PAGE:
still not satisfied with the con
ditions of the dining-room or
the dietician. Dean Jones found
the protest a poor way of ex
pressing a grievance. However,
he was answered by one stu
dent who said “Actions are the
result of how people are treat
The protestors walked silent-
ly out, assured that their pro
test had great meaning!
I spoke to several ot the stu
dents and received these state
) “Fov u..' price '.ve pay, lor
food, we can eo to the store
at the corner and buy chitlings
for twenty cents a pound.”
“Mr, Smith doesn’t seem to
respect the dignity or integrity
of the students of St. Augustine’s
“The student body has too
much apathy and, they don’t
realize that they are being op
“The students from a variety
of athletic activities should
complain because they have to
use a lot of energy to play
sports and when they sit down
to dinner, they eat the same
amount as girls eat. Is this
“The important problem is
cleanliness. No one at St. Aug.
is such a pig, that he is capable
of eating roacnes in his jelly
or hair in his desert. It can
occur once in awhile but this
is continuing to be a habit.”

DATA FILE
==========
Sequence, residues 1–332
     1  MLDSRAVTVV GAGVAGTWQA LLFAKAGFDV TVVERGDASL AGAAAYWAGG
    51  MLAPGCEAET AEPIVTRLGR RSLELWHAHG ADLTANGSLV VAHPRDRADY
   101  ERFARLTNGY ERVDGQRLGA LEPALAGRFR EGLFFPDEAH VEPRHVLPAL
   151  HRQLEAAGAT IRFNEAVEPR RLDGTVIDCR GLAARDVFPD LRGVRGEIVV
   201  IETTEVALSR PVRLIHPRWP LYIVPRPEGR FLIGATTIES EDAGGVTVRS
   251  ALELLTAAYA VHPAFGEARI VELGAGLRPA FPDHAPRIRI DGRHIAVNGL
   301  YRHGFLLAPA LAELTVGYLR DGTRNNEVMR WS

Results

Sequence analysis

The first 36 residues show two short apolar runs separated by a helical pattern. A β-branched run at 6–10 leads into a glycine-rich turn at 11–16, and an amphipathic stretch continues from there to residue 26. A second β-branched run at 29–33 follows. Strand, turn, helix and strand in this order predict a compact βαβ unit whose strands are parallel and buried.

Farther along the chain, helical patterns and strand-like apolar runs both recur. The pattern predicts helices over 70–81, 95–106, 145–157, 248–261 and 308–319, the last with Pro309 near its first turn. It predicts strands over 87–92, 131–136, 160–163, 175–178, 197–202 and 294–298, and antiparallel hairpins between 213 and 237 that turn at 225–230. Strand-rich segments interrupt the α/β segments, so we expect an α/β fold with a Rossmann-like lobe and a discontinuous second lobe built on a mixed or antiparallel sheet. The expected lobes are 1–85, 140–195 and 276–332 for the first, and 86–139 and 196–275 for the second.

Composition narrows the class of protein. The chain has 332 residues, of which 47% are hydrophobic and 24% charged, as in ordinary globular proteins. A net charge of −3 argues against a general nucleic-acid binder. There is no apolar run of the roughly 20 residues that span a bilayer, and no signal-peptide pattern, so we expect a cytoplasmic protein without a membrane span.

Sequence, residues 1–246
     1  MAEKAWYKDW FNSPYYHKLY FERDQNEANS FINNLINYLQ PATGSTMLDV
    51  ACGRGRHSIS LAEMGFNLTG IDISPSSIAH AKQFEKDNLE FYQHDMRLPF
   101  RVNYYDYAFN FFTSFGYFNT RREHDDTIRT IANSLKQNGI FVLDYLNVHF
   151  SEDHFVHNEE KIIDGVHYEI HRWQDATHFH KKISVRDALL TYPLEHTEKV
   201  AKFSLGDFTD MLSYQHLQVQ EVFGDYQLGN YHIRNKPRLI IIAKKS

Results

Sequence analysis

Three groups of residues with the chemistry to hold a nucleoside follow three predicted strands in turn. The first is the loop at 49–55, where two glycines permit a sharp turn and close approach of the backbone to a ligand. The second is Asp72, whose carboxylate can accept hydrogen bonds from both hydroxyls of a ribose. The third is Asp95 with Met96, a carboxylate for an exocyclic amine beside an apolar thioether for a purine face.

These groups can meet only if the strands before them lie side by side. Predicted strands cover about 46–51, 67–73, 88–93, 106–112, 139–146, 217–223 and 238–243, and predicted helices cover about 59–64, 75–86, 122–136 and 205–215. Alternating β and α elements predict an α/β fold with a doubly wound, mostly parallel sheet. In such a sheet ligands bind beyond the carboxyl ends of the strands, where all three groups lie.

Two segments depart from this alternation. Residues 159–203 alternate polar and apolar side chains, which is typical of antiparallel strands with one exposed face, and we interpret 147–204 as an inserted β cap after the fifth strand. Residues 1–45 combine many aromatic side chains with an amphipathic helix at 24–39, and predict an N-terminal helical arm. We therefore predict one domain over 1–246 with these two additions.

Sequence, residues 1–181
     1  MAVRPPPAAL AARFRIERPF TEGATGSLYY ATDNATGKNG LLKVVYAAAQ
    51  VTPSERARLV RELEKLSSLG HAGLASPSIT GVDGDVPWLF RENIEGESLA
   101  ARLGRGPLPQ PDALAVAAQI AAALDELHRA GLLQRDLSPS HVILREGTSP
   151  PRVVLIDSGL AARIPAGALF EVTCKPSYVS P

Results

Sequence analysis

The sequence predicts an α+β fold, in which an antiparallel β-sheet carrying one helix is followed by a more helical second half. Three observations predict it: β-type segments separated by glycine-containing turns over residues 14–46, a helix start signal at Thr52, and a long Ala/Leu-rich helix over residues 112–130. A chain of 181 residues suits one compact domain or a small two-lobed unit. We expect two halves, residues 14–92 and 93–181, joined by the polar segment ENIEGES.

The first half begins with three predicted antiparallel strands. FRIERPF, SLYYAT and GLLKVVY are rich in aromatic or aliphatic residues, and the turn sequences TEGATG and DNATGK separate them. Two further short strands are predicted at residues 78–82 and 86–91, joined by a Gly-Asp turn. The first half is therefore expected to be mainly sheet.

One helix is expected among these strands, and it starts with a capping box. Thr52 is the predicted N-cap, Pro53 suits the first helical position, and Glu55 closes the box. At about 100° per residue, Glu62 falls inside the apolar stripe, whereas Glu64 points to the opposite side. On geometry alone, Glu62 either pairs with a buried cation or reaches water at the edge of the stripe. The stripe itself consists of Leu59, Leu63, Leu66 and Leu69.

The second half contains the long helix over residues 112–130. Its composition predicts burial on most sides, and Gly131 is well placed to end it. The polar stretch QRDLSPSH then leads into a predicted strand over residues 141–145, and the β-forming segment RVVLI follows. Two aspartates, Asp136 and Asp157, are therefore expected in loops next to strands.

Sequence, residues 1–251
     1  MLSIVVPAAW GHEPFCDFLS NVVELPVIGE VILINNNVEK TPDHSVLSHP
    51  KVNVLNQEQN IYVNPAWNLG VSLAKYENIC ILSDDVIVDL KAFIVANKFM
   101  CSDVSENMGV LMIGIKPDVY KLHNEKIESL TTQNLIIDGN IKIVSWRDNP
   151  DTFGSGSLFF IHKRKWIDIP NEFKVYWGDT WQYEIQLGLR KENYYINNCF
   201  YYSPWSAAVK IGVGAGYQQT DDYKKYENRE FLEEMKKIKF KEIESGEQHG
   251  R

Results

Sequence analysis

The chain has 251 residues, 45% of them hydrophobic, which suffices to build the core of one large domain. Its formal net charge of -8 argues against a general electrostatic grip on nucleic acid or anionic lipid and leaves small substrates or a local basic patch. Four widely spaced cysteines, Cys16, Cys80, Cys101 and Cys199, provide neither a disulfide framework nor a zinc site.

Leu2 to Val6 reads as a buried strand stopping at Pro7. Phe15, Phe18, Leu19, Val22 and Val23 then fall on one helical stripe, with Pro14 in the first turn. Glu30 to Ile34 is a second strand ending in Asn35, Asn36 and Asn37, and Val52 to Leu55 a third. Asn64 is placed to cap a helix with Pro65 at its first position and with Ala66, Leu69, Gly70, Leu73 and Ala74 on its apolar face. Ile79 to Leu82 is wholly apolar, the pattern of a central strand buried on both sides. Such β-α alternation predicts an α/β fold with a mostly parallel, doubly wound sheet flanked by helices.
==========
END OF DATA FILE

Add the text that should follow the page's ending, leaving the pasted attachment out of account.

i°uther*''KSr°NlemoVial Fund and mailed to the Financial
Aid Office, NCSU, Raleigh, 27607.
Friday, May 24, 1968 - Night
7«30 p m. Emery Health and Fine Arts Building
■ Saturday, May 25, 1968 - Alumni Day
10:00 a.m. Executive Committee Meeting
(Chapter presidents and delegates
Alumni Office
12:30 p.m. Alumni Luncheon
($1.00 per person)
Dining Hall
2:30 p.m. General Alumni Meeting
Penick Hall of Science Amphitheater
8:00 p.m. President’s Reception
President’s Home
9:30 p.m. Alumni Social
Place to be an'nounced
Sunday, May 26, 1968
7:00 a.m. Corporate Communion for Seniors
8:00 a.m. Flag Raising (Quadrangle)
10:30 a.m. Baccalaureate Service
Speaker, The Reverend Quintin E.
Primo, Jr., Rector, Saint Matthew’s
Episcopal Church, Wilmington, Del.
4:00 p.m Commencement Exercises
Speaker, Dr. William C. Archie,
Executive Direction, Mary Reynolds
Babcock Foundation
Winston-Salem, North Carolina
Flag lowering
Features Miss
Linda Bailey
“May Day Colorama” was the
theme of the celebration on the
quadrangle of Saint Augustine’s
College campus, Saturday, May
4. A variety 9f talents were dis
played by students from the
Physical Education and Music
Departments of the college.
Tribute was paid to the May
Queen and her court with the
performances of dances, in